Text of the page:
Midnight, and the night is heavy and black and tasting of rain. The elderly woman is sitting as described in the message: on a bench in the middle of the courtyard of the C-shaped block of flats. Beside the bench is a scrawny tree, and under the tree is a cat’s scratching post, some scattered cat toys, and a box of other pet junk. A black cat races from the bench across the courtyard and into some bushes. I give the woman a wave as I come in through the gate. With her bucket-shaped suede hat pulled down to the bridge of her nose, and with the collar of her quilted jacket zipped up under her chin, when she turns to look at me it’s like the turret of a tank swivelling round to meet the enemy.
‘Hello. My name’s Spence, and this is Rae. We’re with the ambulance.’
‘Can I ask your name?’
A firm whisper: ‘Mary.’
‘Mary - someone overlooking the courtyard has rung 999 because they were worried about you. They said you’d been sitting here for hours.’
Mary draws her arms in.
‘Do you mind if I sit down and have a chat? Just to make sure you’re okay?’
She shrugs, so I sit down. Rae hugs the clipboard to her and stands in front. The wind swings the empty bird-feeder in the tree from side to side. Tiers of windows rise up on the three sides of our curious little group. It feels as if we’ve arrived at the dark centre of a community of lights and curtains. Some people out on a balcony, watching us. Are they the ones who rang?
‘I’m not going back in my flat.’
‘Why not, Mary? What’s wrong?’
‘It’s infected. It’s got a virus. I’m not going in.’
‘Are you well in yourself, though?’
‘Apart from what the virus has done to my arm.’ She pulls up the sleeve of her quilted jacket and shows me what looks like a couple of flea bites. ‘The doctor gave me betnovate cream for those, but he doesn’t understand what’s really going on. It’s not safe.’
‘So what’s the story with the virus?’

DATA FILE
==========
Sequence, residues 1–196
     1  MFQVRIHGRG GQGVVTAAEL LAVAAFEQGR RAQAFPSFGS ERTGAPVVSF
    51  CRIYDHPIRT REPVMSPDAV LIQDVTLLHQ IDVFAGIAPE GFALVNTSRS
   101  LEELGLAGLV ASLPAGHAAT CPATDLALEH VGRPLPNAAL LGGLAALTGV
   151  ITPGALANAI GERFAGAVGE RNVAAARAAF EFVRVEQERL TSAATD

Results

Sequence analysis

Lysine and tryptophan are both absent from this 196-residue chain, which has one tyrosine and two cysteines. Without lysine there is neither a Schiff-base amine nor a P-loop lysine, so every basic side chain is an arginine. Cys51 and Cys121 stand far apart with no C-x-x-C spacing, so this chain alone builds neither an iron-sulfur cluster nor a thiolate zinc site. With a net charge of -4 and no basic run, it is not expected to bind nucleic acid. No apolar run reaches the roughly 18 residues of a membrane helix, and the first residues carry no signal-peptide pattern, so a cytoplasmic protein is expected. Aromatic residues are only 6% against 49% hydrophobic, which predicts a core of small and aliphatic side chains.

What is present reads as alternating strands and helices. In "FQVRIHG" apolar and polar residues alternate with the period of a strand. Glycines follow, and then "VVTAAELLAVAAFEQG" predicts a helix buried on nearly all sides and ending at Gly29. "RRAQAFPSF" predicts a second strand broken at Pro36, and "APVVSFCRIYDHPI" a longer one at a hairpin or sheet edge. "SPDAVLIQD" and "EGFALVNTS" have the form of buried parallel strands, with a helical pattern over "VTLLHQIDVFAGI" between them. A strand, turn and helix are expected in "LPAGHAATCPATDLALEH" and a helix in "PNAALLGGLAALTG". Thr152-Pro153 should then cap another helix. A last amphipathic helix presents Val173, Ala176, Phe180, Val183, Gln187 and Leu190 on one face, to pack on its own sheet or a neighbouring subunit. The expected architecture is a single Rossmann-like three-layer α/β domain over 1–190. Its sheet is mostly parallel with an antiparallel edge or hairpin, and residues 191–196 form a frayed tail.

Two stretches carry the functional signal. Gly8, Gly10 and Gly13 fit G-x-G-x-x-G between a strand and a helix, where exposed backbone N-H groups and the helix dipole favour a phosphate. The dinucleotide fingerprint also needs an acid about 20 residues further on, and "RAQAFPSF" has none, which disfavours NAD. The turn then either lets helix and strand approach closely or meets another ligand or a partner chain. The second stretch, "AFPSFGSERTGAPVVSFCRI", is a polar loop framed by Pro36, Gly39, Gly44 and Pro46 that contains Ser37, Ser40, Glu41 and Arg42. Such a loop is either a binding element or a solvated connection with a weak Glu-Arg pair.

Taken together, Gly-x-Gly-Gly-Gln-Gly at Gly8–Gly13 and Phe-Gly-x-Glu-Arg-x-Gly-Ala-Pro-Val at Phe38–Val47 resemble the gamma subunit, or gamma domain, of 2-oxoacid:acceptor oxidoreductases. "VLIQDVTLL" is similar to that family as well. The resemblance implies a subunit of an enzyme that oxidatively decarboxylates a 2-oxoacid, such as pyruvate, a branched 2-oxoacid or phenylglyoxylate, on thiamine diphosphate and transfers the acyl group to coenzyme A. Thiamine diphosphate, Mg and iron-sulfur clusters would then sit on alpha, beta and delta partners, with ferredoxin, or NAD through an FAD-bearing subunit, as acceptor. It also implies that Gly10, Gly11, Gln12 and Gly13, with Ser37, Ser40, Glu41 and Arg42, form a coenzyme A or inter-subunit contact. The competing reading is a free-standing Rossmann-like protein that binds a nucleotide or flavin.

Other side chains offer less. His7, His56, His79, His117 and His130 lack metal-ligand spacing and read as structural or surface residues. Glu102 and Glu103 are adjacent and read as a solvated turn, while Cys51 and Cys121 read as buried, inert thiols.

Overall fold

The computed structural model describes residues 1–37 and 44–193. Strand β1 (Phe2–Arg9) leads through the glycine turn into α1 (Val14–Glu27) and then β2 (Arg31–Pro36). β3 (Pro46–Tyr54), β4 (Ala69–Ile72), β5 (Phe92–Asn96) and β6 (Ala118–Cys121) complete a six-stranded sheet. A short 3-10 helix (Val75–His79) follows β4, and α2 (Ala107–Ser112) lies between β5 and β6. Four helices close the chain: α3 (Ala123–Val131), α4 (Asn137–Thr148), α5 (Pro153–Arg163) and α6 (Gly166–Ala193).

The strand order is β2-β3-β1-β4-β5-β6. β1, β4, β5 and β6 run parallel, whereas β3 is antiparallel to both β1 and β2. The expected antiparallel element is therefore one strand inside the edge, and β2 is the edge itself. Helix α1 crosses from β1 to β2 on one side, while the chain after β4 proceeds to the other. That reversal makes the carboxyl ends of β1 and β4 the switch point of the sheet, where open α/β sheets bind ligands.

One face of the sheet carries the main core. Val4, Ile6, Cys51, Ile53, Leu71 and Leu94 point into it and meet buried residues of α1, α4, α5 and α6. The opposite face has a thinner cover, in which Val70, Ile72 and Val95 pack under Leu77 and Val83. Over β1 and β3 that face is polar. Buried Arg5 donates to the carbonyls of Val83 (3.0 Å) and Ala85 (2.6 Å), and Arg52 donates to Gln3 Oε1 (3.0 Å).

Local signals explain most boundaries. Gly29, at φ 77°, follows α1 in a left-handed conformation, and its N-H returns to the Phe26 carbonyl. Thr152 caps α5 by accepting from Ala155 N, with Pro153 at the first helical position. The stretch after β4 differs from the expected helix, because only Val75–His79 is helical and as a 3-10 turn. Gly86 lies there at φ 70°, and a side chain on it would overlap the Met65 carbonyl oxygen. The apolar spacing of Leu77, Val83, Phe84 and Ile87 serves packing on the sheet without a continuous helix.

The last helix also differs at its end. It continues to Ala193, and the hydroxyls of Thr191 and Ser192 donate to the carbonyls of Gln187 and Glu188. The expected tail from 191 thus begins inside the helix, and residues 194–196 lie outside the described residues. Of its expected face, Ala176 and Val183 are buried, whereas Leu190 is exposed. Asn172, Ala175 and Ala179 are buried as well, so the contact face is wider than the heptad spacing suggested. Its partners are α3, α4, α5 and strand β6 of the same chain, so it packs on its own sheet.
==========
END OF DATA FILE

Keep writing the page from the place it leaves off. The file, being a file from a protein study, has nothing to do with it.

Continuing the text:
She looks straight at me, and her eyes seem small and afraid.
‘I’ve been taking samples. I found traces. I took it all in a jam jar to the Town Hall, and now I’m waiting for them to get back to me.’
‘Traces of what?’
‘Stuff. A worm. All white and pointy. Stuff. It’s in everything. The walls, the carpets. The water.’ She turns back to face front again, gives herself a determined hug. ‘I’ve had enough. I saw the council this morning, but they didn’t seem to care all that much. I need a new flat. I’m not going back in there. I’m spending the night out here. My son will tell you.’
‘Where’s your son now?’
‘In the flat.’
‘Mary – it’s more than likely going to rain. You can’t stay out all night.’
‘I’m all right. I’ve got my thermals on. These boots.’ She kicks a leg forward to show us.
‘If we drove off now and left you sitting on this bench – well – we’d worry.’
‘I can’t help that.’
‘How about you come on to the ambulance, we can give you a little check up, then maybe go to the hospital? It’s nice and warm there. They can look into this virus thing, maybe do a blood test, make sure you’re okay. And in the morning things will be clearer, and someone can advise you the best way to proceed.’
‘No. Thank you. I’ll just stop here, if that’s okay.’
‘Do you mind if we go and have a quick word with your son?’
‘Be my guest.’
We walk across the courtyard to one of the entrance doors, and buzz her number. We are let in to a harshly-lit hallway, then over in one corner a door opens and a thin, middle-aged man with a scrubby beard steps out. His eyes seem edged with red, as if he hasn’t slept in a long while.